In my years working in VC (the first time I have used this phrase), I found myself in complex situations about bonuses with the leadership of several startups, but had not stepped back to think about the underlying patterns. I agree wholeheartedly with Eric’s analysis.
As many of my friends know, I recently joined the team at Optum Labs as Chief Operating Officer, located in Cambridge MA, working for the newly appointed CEO, Dr. Paul Bleicher. Also as many of you know, I was fortunate enough to be a co-founder with Paul at Phase Forward. Having worked together before, I was particularly pleased when he asked me to consider this opportunity.
Years ago, when I first joined Sigma Partners venture capital, everyone (including me) talked wryly about me “going over to the dark side.” (This is an industry wide joke; look at Mark Suster’s “about me” box on his blog, and what Andrew Manoske wrote in his article “Joining the Dark Side: Why I left engineering to become a VC.”) Even if Mark Suster and Andrew Manoske are still on the dark side, I am back on the operating side of the world – by corollary, back working for the Jedi knights, and remembering how to build my own light sabre.
I have not until now written publicly about my recent efforts to raise a micro-VC fund, which I had called Big Data Boston Ventures (BDBV). That was because the SEC has not yet published new regulations (required by the JOBS Act) to allow for a more relaxed approach to marketing for VC funds. While I was raising a fund I couldn’t talk about it – now I have stopped that effort, I can.
Big Data Boston Ventures was conceived as a micro-VC fund that would invest in seed stage companies which fit into the big data theme. I have been writing about big data in this blog for a while, and the idea that I am bullish on this should surprise no-one.
Many of my friends in the entrepreneurial and investing community have said (at least to me) that my fund concept made lots of sense, that it was needed, that it was the right theme, that I would be a sought after investor/mentor (and hence get the opportunity to participate in great deals), and that, therefore, the fund would be successful. The LP community (those who invest in VC funds) are caught in a series of dynamics that mean they are just not interested in taking the kind of risks that such a fund might offer. Many GPs (VC general partners) with a better track record, and a more conventional (and in that way stronger) pitch story than mine have been finding it tough to raise new funds. This was all the more so for me as a solo GP going out with a first fund.
I had not actually given up on my fundraising when this new opportunity presented. I was making very slow progress, but progress nonetheless, and had certainly planned for another few months to try and get launched. However, when Paul called about Optum Labs, I was immediately intrigued, and quickly became very enthusiastic.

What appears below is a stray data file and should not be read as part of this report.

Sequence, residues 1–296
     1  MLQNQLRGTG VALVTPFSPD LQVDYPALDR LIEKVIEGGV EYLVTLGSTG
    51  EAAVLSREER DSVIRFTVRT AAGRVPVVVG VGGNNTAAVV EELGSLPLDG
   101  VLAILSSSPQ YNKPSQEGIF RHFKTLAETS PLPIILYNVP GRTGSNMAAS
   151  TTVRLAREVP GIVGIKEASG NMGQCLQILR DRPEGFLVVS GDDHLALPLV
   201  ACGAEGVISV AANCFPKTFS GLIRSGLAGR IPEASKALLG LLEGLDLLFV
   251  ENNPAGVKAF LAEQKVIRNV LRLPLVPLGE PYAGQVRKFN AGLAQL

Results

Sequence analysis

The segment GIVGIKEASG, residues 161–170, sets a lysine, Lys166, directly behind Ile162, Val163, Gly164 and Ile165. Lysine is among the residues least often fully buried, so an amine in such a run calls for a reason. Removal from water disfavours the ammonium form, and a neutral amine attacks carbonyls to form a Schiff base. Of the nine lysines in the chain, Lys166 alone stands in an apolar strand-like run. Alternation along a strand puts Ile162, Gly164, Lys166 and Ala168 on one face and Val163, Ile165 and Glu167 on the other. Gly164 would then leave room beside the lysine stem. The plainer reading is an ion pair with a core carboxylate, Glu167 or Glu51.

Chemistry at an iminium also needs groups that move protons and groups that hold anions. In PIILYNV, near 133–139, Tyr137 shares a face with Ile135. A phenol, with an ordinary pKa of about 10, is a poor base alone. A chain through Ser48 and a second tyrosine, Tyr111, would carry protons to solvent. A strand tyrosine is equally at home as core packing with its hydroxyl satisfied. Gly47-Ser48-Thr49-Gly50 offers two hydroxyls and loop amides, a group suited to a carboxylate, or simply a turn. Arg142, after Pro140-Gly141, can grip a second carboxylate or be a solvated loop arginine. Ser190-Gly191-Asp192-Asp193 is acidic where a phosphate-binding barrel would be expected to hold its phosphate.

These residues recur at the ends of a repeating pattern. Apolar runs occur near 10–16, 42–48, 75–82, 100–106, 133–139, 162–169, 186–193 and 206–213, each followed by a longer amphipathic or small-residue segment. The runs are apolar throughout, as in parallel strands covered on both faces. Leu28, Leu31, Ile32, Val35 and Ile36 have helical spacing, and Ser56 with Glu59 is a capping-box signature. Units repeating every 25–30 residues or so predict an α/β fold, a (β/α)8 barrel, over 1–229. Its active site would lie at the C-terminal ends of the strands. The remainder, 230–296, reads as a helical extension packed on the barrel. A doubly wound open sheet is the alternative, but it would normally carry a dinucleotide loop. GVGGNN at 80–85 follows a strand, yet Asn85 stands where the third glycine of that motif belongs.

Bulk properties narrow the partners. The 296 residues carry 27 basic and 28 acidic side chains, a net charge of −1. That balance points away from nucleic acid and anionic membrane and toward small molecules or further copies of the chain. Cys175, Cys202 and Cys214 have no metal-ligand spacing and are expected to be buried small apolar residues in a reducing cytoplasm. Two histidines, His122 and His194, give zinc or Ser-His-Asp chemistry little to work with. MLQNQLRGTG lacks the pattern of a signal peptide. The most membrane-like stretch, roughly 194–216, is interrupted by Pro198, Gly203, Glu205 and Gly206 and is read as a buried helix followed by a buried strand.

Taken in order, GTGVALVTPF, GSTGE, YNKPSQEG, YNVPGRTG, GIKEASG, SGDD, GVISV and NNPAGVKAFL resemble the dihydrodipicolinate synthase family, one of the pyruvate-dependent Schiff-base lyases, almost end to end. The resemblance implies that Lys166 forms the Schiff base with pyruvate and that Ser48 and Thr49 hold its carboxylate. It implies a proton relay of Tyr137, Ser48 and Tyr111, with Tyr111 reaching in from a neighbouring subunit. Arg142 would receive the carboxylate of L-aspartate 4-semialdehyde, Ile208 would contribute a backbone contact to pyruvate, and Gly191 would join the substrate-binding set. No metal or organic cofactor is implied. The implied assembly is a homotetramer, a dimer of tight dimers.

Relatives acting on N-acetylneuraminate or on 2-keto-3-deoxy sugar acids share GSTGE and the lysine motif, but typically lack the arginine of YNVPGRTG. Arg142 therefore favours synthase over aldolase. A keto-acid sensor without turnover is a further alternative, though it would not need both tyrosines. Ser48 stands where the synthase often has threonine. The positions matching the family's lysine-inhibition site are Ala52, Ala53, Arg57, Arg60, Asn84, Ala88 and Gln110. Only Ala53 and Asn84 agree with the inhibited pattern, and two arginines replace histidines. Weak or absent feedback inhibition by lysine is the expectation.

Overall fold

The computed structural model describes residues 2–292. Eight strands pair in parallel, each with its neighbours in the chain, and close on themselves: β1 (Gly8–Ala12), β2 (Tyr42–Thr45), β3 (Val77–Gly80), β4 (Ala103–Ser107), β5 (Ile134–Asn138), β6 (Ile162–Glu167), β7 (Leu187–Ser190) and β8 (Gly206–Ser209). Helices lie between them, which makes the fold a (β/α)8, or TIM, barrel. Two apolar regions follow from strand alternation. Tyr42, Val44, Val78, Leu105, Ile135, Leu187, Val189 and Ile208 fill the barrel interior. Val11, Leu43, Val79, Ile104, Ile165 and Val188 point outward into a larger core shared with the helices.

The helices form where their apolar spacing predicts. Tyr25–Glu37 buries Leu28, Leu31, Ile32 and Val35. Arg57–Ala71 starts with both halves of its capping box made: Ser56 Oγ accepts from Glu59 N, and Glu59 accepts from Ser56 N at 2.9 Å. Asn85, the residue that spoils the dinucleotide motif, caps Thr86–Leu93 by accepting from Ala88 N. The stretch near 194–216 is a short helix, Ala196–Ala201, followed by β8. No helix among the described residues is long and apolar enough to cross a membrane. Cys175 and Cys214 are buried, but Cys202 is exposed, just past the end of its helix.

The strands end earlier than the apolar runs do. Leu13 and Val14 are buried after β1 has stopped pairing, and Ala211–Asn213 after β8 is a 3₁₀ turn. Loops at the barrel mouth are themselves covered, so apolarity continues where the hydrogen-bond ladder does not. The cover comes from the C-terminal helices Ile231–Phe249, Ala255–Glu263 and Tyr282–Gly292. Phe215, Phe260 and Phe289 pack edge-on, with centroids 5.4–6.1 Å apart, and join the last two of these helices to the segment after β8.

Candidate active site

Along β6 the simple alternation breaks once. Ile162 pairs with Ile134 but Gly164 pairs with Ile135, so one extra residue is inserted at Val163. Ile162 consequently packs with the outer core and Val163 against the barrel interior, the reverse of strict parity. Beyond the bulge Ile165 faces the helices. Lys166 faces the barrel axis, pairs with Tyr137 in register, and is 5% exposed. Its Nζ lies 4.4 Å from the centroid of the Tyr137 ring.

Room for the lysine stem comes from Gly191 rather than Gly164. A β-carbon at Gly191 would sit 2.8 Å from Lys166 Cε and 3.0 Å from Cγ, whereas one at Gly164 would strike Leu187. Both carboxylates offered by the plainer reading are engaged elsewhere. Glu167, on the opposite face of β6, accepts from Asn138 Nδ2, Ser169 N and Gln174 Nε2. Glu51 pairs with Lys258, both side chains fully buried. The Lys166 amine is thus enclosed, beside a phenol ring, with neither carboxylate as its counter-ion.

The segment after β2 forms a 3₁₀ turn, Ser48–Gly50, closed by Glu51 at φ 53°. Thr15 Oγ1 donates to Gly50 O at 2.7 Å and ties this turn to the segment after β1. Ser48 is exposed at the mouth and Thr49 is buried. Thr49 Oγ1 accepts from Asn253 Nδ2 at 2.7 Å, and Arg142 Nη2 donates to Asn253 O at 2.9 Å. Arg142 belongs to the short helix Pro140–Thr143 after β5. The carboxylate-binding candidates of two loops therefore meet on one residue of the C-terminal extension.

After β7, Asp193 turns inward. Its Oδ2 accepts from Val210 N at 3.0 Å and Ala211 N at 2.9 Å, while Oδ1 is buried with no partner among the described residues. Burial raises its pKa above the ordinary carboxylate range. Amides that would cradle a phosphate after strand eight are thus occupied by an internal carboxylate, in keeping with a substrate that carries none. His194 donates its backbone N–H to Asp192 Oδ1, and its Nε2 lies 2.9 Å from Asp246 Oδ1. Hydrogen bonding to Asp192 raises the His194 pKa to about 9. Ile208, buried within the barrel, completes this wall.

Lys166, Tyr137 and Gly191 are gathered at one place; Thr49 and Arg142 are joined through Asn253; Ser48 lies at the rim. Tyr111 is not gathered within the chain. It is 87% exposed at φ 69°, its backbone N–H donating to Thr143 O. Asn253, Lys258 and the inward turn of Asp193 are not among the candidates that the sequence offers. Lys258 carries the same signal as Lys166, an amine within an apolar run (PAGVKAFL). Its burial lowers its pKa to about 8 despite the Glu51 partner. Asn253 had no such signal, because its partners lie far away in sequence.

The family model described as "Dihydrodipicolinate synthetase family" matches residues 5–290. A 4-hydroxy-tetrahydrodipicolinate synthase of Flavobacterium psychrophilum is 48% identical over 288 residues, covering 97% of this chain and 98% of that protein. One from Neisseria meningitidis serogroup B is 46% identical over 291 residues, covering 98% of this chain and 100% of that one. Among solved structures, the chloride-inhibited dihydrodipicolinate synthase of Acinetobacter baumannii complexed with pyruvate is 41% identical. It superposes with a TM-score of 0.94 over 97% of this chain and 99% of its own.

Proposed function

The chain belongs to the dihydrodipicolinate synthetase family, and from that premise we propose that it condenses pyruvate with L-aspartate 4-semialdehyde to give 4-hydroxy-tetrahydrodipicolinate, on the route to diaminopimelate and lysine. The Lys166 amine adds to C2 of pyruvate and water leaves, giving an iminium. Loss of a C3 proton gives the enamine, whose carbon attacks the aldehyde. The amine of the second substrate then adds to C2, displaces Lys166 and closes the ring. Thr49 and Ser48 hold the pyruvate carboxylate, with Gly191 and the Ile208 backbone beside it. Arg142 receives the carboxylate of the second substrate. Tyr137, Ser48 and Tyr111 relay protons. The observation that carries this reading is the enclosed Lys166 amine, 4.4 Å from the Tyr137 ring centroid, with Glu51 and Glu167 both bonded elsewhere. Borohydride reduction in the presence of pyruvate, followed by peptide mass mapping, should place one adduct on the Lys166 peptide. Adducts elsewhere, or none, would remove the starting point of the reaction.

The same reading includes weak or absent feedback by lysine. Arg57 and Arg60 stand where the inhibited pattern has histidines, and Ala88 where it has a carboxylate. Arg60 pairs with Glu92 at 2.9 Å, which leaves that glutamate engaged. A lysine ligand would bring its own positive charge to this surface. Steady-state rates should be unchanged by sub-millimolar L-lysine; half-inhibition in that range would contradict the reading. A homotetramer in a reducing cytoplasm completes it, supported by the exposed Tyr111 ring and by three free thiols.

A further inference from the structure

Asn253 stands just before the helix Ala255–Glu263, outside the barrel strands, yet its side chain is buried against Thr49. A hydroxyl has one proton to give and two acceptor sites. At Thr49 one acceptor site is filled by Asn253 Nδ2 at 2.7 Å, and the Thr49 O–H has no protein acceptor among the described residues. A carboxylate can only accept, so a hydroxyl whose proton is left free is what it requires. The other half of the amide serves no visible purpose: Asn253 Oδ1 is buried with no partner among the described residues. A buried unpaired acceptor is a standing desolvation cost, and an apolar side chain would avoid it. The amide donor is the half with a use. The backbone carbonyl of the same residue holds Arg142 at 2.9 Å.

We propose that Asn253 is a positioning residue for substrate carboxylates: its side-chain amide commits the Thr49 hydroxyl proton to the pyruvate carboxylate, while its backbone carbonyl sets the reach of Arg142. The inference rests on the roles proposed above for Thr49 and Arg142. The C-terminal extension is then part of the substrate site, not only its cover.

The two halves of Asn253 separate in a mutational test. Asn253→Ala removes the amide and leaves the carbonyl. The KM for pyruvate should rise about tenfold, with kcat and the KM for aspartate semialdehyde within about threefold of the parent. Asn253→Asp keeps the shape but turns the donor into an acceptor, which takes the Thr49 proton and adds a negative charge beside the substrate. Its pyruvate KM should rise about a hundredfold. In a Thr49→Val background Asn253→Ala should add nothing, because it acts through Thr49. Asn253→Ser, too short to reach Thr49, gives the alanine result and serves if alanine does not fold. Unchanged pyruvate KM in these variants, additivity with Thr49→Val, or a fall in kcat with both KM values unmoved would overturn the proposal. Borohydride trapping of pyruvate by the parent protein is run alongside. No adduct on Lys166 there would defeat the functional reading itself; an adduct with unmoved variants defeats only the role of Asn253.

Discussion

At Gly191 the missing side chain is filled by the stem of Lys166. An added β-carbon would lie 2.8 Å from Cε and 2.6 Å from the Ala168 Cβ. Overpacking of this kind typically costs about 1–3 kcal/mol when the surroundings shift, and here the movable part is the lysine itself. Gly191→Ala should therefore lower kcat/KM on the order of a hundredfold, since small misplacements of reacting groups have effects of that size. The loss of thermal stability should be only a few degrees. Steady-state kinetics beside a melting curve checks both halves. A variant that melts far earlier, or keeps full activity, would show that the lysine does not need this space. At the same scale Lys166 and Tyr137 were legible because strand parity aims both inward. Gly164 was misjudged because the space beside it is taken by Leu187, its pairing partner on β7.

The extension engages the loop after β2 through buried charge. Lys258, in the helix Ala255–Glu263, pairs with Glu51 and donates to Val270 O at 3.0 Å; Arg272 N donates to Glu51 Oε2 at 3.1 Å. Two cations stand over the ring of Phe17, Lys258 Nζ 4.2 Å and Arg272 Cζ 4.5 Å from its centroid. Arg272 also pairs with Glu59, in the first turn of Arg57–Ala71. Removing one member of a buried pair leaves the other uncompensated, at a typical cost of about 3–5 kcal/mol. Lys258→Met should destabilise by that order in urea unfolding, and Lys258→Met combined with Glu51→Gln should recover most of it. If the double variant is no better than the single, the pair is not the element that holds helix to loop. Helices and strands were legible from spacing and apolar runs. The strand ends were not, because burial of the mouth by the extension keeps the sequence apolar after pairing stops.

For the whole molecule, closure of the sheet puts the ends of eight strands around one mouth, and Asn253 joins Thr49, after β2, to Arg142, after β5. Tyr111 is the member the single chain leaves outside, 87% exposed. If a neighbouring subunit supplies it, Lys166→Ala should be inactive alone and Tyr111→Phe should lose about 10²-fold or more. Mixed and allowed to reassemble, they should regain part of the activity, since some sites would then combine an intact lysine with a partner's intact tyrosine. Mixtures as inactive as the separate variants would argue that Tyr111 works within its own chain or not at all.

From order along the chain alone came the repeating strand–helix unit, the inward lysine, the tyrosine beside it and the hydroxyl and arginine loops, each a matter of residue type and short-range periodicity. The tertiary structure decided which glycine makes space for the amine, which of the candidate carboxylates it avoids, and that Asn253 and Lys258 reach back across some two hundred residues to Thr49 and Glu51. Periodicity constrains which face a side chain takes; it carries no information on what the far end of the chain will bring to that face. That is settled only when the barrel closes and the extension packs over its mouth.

People know I am a very interested observer of healthcare and life sciences (HC/LS), and have made a point of staying current on trends in the industry and related IT. Ever since the inception of BDBV, people have suggested I focus on healthcare and life science (HC/LS) inside the big data theme, or even consider a pure HC/LS IT fund. My consistent response was that I believe that while there are great HC/LS startups that could fit into a fund with a broader big data theme, there just are not enough to justify a narrow industry-focused seed stage fund. This answer provides the background for my response when Paul called. Optum Labs provide the opportunity and challenge for me to work at the center of innovation in HC/LS. Optum Labs is a small startup inside a large, well respected organization partnered with leading players in the industry.
I plan to stay in touch with early stage startups in big data, and especially in healthcare and life sciences. I hope to continue to do some mentoring and be involved in other ways in the start-up community. Optum Labs is based in Kendall Square (One Main St) so I will still be close to the action.
In an article on the website of Tools Journal, about the HP Moonshot line of servers, a typo has the name of the HP CEO written as Meh Whitman (meh defined here). I am jaded about HP, but am I that jaded? Here is the screen shot in case they fix it (they will!).
It is spring, just about, in New England. There are daffodils blooming in our yard, and I have been riding each Sunday since the beginning of April. The last few weeks have seen some major professional changes (more on that in a future post), and I have found riding on Sundays to be a great antidote to any stress that might have been creeping in.
Since spring brings frogs in the wetlands, I thought I would share something sent to me by Dean Landsman. Call this one the first geek joke of spring.
An engineer was crossing a road one day, when a frog called out to him and said, "If you kiss me, I'll turn into a beautiful princess."
He bent over, picked up the frog and put it in his pocket.
The frog then cried out, "If you kiss me and turn me back into a princess, I'll stay with you for one week and do ANYTHING you want."
Again, the engineer took the frog out, smiled at it and put it back into his pocket.
Finally, the frog asked, "What is the matter? I've told you I'm a beautiful princess and that I'll stay with you for one week and do anything you want. Why won't you kiss me?"
The engineer said, "Look, I'm an engineer. I don't have time for a girlfriend, but a talking frog, now that's cool."